This week, I once again found myself car-challenged. So I went to another nearby site, Las Mesas, which did not offer any unusual narrative. Instead, in this post I will wax philosophical, while sharing a few nice photos from that outing.

Clay-colored Sparrows

In about a month, I will have my 66th birthday. In between now and then, I will spend a week and a half in California, in the land where birding may mean walking on paved paths, or even on a wooden boardwalk built through the middle of a salt marsh. But once I get back home to Mexico, I will be climbing hills on livestock trails once again. I will often walk on the sides of steep slopes, staring at the abyss below. Or I may slog on the crusty floorr of a dry lakebed.

An unusual number of Least Grebes

Fortunately, I have good genes and come from a long-lived line. In all the usual measurements, such as blood pressure, cholesterol, and blood sugar, I still test very well. I do carry about ten extra pounds of excess weight. And I must be careful to protect my skin, having had a couple of basal cells removed. I can also pretty much count on one or more joints to be a bit cranky on any given day — especially after a long day of birding.

Black-chinned Sparrow, a flagship species for this site.

It happens that I hate doing traditional exercise. Going to the gym brings me no joy. But give me a garden on which to work, and I will keep going for hours. In fact, I do keep going for hours, one day each week, on our barely tamed church property. And another day each week I go birding. Usually, I stay out around seven hours, and walk 6-8 kilometers (4-5 miles). These pastimes most certainly do bring me joy. They reduce stress like no other activities I know. And, according to my test results, that works for me.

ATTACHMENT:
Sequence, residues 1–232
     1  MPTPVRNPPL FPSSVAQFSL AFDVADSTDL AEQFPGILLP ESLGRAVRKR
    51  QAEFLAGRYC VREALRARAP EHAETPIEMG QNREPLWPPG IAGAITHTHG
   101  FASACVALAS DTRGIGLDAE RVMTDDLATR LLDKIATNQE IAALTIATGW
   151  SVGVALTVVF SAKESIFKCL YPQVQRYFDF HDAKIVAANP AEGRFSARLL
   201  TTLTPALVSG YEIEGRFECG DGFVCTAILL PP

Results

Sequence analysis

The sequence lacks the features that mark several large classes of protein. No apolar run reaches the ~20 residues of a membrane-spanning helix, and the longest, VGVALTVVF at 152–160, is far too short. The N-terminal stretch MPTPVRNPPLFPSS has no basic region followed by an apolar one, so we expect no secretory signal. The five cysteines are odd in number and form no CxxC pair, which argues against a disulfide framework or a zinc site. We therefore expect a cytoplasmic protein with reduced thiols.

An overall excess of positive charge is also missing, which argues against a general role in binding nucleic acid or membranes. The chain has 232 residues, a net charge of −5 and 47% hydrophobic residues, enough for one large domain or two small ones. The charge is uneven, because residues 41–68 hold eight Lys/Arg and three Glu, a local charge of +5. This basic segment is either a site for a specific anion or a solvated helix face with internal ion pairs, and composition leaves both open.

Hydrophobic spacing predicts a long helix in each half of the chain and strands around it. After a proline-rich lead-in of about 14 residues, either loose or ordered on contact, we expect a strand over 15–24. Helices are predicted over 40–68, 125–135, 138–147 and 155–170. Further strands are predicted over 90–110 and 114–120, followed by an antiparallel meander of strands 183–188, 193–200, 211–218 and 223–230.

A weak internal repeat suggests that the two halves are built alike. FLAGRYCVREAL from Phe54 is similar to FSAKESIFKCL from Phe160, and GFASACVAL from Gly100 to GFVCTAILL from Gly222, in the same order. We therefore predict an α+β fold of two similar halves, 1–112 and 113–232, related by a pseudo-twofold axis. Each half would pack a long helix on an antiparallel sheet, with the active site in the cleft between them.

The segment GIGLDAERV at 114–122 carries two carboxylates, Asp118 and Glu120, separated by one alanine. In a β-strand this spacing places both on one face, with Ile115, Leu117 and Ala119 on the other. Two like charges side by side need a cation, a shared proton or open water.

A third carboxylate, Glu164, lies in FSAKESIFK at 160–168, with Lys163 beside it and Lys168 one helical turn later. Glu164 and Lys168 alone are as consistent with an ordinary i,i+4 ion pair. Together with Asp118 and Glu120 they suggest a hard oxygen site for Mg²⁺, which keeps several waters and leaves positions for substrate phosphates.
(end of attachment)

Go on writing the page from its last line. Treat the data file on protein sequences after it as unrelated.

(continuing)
Lark Sparrow

In recent months, several American birders have reached out to have me take them birding in or around Morelia. For the most part, they have been even older than I. And I must say, based on this most unscientific sample group, the future for my own birder’s health could be quite rosy.

This extremely confiding Northern House Wren had taken up residence in a little wooden cabin.

Some might say that I may soon be unable to climb hills and do heavy gardening, so I should probably slow down now. I say that I may someday be unable to climb hills all do heavy gardening, so I am going to do as much of these things right now as I possibly can. And fervently hope that if I use it, I won’t soon lose it.

And finally, my first sighting of the majestic Chestnut-sided Shrike-Vireo for 2024.

Written by Paul Lewis
Paul Lewis moved from California to Mexico in 1983. He lived first in Mexicali, and now lives in the historic city of Morelia (about halfway between Guadalajara and Mexico City), where he and his wife pastor a small church. He is the author of an internationally distributed book in Spanish about family finances and has recorded four albums in Spanish of his own songs. But every Monday, he explores the wonderful habitats and birds found within an hour of his house, in sites which go from 3,000 to 10,000 feet of altitude. These habitats include freshwater wetlands, savannah grasslands, and pine, oak, pine/oak, pine/fir, cloud, and tropical scrub forests.